In addition, the Spanish Government activated a measure in the Spanish Constitution, Article 155, taking over the powers of the Catalan Government and immobilising it, controlling its finances (actions which some consider not only oppressive but illegal and are preparing to challenge in court). In addition it forced new elections in Catalonia, even though the legal power to call these resides within Catalonia alone but to no avail: the elections, held in December 2017 once again returned an independist majority to Parliament.

Due to the numbers of Catalan politicians in jail or in exile and the Spanish State’s refusal to either allow them to be elected from jail or exile, or even to authorise a proxy, the independists in the Parlament were hindered in forming a parliamentary council and Government Cabinet or in electing a parliamentary Speaker and Government President. The independists put up alternative candidates — although one of the independist parties disagreed with that measure — and they were elected.

The two independist parties JuntsXCat and ERC, with 34 and 32 seats respectively, form the Catalan Government, with the CUP and their four seats in ‘confidence and supply’ support (see Background Political Parties in Appendix A). This gives the independist Government a majority of one vote over the opposition’s total of 65 votes in the 135-seat Parlament but, with CUP’s four votes in support-and-supply of the Government, the independists have a majority of five.

Poster showing features of Catalan political prisoners and exiles. (Source: Designed by a Catalan for With Catalonia/ Leis an Chatalóin poster for solidarity picket June 2018)

Spanish control of the Catalan Government is now lifted and civil servant posts emptied by the Spanish State have been filled again. The Catalan Parlament and Govern is functioning and legations abroad are at work. The arrested activists were expected to go to trial in September; currently they continue in detention but finally being moved from Madrid to Catalonia4 and, as this article was being completed, were stripped of their elected Deputy status by Llarena, the judge overseeing the trial (but their representation by temporary proxies is permitted).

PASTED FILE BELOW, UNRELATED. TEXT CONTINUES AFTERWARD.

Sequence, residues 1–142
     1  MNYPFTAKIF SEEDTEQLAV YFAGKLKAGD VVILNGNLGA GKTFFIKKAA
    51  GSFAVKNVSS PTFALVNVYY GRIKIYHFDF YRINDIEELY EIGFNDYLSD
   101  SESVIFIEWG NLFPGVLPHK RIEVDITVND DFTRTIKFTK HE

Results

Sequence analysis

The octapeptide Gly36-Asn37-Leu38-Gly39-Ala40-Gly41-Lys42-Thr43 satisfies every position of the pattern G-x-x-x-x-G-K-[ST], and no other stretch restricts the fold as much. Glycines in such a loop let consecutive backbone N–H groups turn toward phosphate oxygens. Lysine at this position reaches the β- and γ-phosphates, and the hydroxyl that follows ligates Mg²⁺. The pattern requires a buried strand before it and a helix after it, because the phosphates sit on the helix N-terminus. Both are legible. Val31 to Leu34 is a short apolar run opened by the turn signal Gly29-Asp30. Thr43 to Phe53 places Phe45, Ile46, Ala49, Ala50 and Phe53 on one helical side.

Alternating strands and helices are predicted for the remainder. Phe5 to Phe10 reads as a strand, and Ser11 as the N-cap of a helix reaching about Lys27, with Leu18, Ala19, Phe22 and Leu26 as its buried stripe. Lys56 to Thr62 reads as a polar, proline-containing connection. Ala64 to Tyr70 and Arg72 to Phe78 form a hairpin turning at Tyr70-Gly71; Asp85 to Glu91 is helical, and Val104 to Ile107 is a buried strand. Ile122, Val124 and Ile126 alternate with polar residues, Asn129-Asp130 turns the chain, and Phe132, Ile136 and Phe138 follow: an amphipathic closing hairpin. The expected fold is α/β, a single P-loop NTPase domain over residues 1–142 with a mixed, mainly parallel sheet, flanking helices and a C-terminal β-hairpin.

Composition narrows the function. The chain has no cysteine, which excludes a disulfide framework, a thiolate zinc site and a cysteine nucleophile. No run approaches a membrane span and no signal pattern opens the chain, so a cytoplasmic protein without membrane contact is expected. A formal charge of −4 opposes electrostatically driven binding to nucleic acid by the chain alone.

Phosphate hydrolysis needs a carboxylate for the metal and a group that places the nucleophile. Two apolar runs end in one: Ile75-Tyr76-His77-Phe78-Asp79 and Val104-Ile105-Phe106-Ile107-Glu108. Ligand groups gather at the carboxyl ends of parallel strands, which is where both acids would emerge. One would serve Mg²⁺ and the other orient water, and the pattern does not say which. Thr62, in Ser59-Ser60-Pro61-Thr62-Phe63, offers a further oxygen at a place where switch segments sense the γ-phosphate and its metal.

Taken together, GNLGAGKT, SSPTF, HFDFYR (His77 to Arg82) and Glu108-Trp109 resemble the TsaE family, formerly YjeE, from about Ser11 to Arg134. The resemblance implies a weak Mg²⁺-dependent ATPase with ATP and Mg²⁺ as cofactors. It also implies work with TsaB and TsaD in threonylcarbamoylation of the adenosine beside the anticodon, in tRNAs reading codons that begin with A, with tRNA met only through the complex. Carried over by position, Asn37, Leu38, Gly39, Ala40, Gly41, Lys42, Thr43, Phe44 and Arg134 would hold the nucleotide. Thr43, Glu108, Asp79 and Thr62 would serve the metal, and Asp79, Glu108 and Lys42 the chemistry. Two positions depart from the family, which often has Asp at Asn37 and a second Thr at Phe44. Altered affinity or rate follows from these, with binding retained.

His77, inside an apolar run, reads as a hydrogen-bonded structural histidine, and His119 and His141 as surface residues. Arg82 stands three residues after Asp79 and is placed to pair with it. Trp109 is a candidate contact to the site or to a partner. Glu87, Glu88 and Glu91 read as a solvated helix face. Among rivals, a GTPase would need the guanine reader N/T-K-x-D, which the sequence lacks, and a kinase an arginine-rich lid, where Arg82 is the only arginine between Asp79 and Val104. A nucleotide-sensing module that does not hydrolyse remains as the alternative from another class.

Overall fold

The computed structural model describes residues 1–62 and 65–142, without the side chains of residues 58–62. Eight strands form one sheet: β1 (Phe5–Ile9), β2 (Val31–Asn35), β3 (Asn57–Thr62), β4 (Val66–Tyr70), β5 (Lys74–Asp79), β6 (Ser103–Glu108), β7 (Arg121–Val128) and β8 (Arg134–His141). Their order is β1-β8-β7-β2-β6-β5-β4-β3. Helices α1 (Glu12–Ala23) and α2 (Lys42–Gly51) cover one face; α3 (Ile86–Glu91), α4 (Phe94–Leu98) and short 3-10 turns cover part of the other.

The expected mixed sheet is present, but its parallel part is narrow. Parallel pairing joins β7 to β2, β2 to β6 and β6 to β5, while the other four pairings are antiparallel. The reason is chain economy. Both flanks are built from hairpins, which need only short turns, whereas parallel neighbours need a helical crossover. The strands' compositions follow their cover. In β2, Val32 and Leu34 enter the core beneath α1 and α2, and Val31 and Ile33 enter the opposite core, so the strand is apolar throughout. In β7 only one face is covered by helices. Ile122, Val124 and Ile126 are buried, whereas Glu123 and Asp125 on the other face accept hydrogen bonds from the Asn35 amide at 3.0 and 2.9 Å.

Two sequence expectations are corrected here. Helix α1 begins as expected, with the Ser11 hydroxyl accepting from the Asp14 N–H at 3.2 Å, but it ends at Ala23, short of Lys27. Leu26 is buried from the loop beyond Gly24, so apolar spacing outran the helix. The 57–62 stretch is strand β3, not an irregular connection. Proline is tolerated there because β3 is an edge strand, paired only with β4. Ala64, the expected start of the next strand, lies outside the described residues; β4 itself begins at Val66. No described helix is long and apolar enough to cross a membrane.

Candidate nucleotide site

The Spanish State continues to seek the extradition of exiled activists. The Spanish Supreme Court Judge Llarena has confirmed they will be tried on charges of Rebellion and has sought permission to try them in absentia – penalty up to 35 years in jail — and has reinterpreted what Rebellion means from organising and participating in an armed uprising to holding a referendum not approved by the Spanish state. In addition he blamed the police violence on October 1st on the independists. The Judge has also confirmed that they will be tried for “embezzlement”, viz. allegedly diverting 1.1 million euro from Catalan public funds to help run the referendum but nobody knows from where comes this figure (though it turns out to be one euro for every referendum vote recorded for independence). Llarena has also decreed on 28th June that each of the 14 accused of embezzlement must deposit their share of 1.1 million euro into a reserve in case of judgement given against them. Furthermore, each was given two days to do this with a potential penalty of seizing their personal assets (e.g homes) if they did not meet the deadline.

a) Support for Independence within Catalonia